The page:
I didn’t really believe in “health tourism” until an appointment with my GP descended into a longer chat about Jeremy Hunt, the future of the NHS and why my near-retirement physician was nearing the end of his tether. At his inner-London practice, my GP had spent many hours of his time and thousands of pounds of his budget treating the relatives of immigrants who flew in to receive NHS treatment for chronic conditions – diabetes, asthma, arthritis, and suchlike – that was totally unavailable in their home countries.
It raises a moral question: where does the responsibility of the NHS to treat free of charge begin and end? Should we ever knowingly leave, say, a diabetic with dangerously-raised blood sugar levels untreated in the UK even though we’re aware they don’t qualify for NHS care free at the point of delivery?
So, there is a problem. In cost terms, health tourism only accounts for a tiny proportion of the financial crises facing the NHS – but it does exist. So how do we tackle it?
Here’s where we get to the interesting part. Putting aside the question of whether or not it should be a political priority right now, the proposals that have been put forward this week to stop health tourism share one thing in common with all the other doomed policies that have embarrassed the Government recently: they are designed in Whitehall by middle class people with middle class lifestyles in mind.
Here’s the big idea: we’ll ask everyone to show a passport and a utility bill when they arrive at doctor’s surgery, hospital or NHS clinic. If we know you’re a Brit, then come on in.
But hang on. 20 per cent of residents in England and Wales do not own a British passport. Many (perhaps most) of those will not be able to afford one; it costs a minimum of £72.50 to obtain a passport and, because we do not require that our citizens carry an ID card, there is no free-of-charge alternative. Others hold a passport for another nation, but are nevertheless eligible for NHS care because they are a resident. There’s not much that you can tell about a person by the passport after all.
And wait. Not everybody has a utility bill, either. If you don’t own your own home, many landlords require that utilities are held in their own name and are paid as part of a combined rent. Even where that’s not the case, many of the poorest households pay by meter, not by monthly direct debit. You can’t even get a direct debit if you don’t have a sufficient income to set up what was once known as a “chequing account” with the bank.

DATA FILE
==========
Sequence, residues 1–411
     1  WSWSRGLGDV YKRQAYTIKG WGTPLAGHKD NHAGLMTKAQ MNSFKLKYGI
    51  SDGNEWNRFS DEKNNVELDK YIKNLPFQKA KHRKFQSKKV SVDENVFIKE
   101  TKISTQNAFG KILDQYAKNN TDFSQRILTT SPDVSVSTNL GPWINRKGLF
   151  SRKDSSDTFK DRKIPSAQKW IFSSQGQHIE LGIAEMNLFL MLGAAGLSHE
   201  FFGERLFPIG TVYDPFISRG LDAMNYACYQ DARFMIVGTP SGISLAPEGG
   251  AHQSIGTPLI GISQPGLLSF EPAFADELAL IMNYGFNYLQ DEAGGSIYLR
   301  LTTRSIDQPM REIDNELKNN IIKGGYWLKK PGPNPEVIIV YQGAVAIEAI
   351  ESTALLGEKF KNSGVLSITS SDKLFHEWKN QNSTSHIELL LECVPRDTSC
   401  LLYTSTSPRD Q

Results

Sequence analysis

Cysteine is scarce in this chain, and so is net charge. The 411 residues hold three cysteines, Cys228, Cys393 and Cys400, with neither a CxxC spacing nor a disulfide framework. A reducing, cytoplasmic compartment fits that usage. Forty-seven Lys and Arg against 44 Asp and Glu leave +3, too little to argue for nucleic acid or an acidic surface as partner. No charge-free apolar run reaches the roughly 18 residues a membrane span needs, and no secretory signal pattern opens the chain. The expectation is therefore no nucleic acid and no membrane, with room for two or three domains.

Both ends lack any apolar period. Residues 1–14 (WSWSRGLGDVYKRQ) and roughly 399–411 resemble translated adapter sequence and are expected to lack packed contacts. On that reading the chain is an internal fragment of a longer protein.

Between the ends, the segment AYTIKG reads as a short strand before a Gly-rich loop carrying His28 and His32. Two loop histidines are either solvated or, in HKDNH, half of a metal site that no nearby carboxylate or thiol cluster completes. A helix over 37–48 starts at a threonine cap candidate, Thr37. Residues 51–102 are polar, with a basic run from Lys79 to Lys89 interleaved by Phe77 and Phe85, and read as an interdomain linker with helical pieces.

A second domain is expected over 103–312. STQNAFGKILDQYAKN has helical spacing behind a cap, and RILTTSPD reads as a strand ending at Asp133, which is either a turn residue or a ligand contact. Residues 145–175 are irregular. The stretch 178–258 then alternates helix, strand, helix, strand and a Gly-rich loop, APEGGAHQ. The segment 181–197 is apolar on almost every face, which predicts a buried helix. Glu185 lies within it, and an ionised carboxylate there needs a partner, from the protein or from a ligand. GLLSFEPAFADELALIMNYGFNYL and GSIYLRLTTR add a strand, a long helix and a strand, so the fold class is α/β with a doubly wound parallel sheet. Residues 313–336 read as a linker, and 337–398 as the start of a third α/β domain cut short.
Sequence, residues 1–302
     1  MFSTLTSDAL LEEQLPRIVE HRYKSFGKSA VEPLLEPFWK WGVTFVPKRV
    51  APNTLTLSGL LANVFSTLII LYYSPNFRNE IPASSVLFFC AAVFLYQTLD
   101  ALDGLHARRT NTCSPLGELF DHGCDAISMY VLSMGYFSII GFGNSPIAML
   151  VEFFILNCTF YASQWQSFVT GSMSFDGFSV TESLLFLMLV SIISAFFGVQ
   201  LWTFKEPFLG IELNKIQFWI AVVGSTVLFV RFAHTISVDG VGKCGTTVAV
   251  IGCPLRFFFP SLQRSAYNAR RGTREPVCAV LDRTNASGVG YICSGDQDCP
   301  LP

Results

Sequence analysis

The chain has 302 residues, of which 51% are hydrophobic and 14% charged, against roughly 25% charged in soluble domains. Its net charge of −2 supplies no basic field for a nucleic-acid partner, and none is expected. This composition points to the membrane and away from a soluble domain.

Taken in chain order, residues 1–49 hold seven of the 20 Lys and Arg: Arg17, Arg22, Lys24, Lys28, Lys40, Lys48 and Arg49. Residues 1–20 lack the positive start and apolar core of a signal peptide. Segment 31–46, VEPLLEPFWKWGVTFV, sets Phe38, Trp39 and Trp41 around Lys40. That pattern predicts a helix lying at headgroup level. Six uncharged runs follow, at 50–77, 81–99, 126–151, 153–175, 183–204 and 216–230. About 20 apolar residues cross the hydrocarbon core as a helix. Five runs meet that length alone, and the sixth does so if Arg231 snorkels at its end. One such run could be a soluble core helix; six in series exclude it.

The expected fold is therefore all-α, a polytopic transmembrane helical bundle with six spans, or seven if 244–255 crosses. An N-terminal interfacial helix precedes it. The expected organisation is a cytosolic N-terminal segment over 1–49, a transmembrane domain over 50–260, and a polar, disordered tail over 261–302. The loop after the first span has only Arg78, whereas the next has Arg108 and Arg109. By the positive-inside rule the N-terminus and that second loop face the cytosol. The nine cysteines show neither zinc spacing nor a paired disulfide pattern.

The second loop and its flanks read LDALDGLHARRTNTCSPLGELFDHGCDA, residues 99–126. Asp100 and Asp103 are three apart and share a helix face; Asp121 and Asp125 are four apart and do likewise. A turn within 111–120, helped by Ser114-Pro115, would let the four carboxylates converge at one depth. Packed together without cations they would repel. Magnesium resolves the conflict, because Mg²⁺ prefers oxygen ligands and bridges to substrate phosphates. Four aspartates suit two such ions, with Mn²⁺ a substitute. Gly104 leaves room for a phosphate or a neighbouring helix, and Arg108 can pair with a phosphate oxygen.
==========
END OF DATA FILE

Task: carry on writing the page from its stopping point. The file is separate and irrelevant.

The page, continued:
The result: since we know that poor health is directly correlated to living in poverty, we’re proposing to make it deliberately harder for those who are likely most in need of NHS services, and who are legitimately entitled to use them, to access our free healthcare system. It’s the law of unintended consequences in one neat case study.
Are you spotting a theme here? Those who designed this policy assume everyone has a passport or form of ID and at least one utility bill. They most likely have never met a person in their adult life who does not possess both. Millions, however, don’t.
When Universal Credit, a huge reform of the welfare system, was designed by the Conservative Party in the run up to the 2010 general election, it was based around a simple premise: claiming unemployment and other benefits should be more like receiving a paycheque from work; whatever you earn each month, and however you earn it, it comes directly into your bank account and it’s your responsibility to manage it.
So out goes housing benefit paid directly to the landlord to keep the roof over your head; out goes separate payments based on your caring responsibilities, any disabilities or your job status. Everyone on benefits gets a single monthly payment and how they manage it is up to them. Just like it is for every employee on a monthly salary. Simple.
But hang on. Many people in low-paid work are paid weekly or fortnightly, not monthly. Their outgoings are often short-term too. When in work, they will never have a month’s money in one go. Universal credit doesn’t ask unemployed people to behave like they’re in work again, it asks them to behave like they’re in a completely different kind of work altogether – a white-collar salaried role paid monthly in arrears and with monthly outgoings (rent or mortgage, utilities, phone and broadband contracts, credit card repayments) to match.
Benefit sanctions were designed in the same way: they are supposed to offer a short-term punishment – as they would for those with savings and a buffer, those whose financial responsibilities are counted in four-and-a-half week chunks. For people who live week to week, a seven-day sanction is the difference between coping at the Co-op and queuing at the food bank.
Universal Credit hit the buffers as soon as it was launched. The trial schemes plough on steadily, making little progress, but the original, big vision of a simple, data-driven benefits payment system that helps people “take responsibility” for their lives will never be realised. The people who thought it up demonstrated an inability to comprehend the hardships and complexities of a life lived in deep poverty, and today’s NHS policy is similarly flawed.
The markers of adult independence that policy-makers take for granted amount to a life of luxury for some of those on whom their policies impinge. We are supposed to have processes to stop this happening – equalities legislation, review processes to weed out unintended consequences – but it keeps on happening. Like every elite profession (and that, of course, includes mine), Whitehall can’t get better at its job until it starts employing someone who understands what life is really like, and how it is lived, for the poorest people in Britain.Reuse content